- Small range of engines
- Four trim levels
- Discounts should be possible
For those on a budget, the 18i in SE trim is the cheapest version on sale. However, depending on what your yearly mileage is, you may want to explore the 18d diesel in the same spec.
Those who do big miles will benefit from the 2.0-litre diesel engine’s superior fuel economy far more than drivers who don’t spend much time on the road. This also applies if you’re buying the X1 as a company car.
Meanwhile, performance fans may enjoy the X1’s sharp handling, but they’re likely to be uninspired by the lack of sporty engines on offer.
October 2015 – Second-generation BMW X1 goes on sale in the UK. Offered with four trim levels (SE, Sport, xLine and M Sport), the X1 comes with a selection of engines including a 20i petrol and 25d diesel. xDrive all-wheel drive is also available.
October 2017 - Three-cylinder18i version introduced, boasting 140hp and 220Nm of torque.
June 2018 – Production of xDrive 25d discontinued, along with xDrive 20i automatic version.
Buying a new BMW X1
- Four trim levels to choose from
- Four engines on offer
- Plenty of optional extras if you want to add gadgets
We’d recommend searching for either an xLine or M Sport X1 if you’re buying new. The latter has the most visual clout of all the trims levels plus retains its value best, while the former boasts a similar amount of standard kit yet takes a subtler approach in the looks department.
If you’re desperate to spend more cash, then desirable options include the BMW Navigation Plus package (including a head-up display, 8.8-inch central screen and traffic jam avoidance tech) and Technology package (featuring keyless entry, a reversing camera and a Harman Kardon premium sound system).
Buying a used BMW X1
- Won’t be an abundance of used examples around
- Residuals are a touch lower than some rivals
- Keep an eye out for any off-roading damage
Buying a used BMW X1 could be a wise decision given the slightly lower residual values compared with rivals. If you want to properly take advantage of this, try and get your hands on a non-M Sport (M Sport retains its value best) ex-dealer demonstrator model.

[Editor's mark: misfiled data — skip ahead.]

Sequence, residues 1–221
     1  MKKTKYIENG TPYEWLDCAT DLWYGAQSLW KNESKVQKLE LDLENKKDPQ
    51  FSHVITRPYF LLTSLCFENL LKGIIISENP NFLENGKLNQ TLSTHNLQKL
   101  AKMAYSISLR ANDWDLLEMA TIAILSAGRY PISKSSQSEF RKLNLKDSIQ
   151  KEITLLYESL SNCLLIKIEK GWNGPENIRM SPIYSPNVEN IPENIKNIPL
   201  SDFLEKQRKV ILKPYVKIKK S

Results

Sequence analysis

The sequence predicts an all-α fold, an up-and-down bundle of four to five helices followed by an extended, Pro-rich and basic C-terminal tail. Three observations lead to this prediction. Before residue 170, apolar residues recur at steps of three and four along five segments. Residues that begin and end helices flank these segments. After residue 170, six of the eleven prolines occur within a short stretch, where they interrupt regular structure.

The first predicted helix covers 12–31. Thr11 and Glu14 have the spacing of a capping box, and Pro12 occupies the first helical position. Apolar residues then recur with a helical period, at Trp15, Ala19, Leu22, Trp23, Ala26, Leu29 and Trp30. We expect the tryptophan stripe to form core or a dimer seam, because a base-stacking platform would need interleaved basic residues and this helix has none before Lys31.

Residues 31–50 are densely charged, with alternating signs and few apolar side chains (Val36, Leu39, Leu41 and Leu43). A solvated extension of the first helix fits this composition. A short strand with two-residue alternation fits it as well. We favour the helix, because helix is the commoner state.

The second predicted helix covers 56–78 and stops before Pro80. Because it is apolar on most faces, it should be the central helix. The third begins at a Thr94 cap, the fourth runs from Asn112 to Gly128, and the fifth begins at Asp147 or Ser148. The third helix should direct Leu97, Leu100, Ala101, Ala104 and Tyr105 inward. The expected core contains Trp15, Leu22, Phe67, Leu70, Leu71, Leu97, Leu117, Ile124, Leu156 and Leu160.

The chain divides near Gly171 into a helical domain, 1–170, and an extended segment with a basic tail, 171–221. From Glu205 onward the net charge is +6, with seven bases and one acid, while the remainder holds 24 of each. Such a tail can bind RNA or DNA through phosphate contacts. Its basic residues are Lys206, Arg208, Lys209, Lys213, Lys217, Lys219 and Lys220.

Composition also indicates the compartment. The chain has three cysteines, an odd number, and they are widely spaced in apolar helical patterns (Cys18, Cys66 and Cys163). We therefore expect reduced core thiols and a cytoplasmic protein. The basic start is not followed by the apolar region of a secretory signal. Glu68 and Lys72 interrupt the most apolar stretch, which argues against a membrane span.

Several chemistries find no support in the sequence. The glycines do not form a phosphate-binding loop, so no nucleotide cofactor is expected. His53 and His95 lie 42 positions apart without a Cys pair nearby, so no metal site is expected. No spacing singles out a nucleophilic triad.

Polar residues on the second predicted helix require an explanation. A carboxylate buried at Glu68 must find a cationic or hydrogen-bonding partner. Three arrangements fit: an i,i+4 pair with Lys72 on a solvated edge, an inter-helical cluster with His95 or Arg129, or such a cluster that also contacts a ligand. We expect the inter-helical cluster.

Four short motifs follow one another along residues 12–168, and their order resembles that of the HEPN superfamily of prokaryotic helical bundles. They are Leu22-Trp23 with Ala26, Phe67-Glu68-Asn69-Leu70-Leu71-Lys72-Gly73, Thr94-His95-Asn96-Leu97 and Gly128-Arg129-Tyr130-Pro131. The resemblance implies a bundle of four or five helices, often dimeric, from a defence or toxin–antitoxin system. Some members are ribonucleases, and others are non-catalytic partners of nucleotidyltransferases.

One of the automatic transmission 2.0-litre engines are the most desirable, especially if you do big miles and want a diesel – the 20d returns similar fuel economy to the 18d yet delivers noticeably punchier performance.
Options to look out for include the BMW Navigation Plus package and Technology package, the latter including keyless entry, a reversing camera and a Harman Kardon premium sound system.
As always with SUVs, look out for any damage underneath the car if you can. Some adventurous previous owners may have overestimated the car’s off-road ability and caused damage to the underside of the car – something that will often get missed during inspections.
Selling your BMW X1
- Highlight any optional extras
- Iron out any bumps or scrapes in the bodywork
- Provide proof that any recalls have been addressed
When it comes to selling your BMW X1, it’s worth spending time highlighting exactly what’s fitted to the car – especially if you’ve specced a number of optional extras. It’ll always pay to make yours stand out, so as well as listing the options, make sure you get any minor scrapes or dings ironed out and give the car a thorough valet.
Finally, be sure to use our Parkers Used Car Valuation tool to get an accurate read on just how much your car is worth. Being armed with the correct information will always put you in a stronger position when negotiating.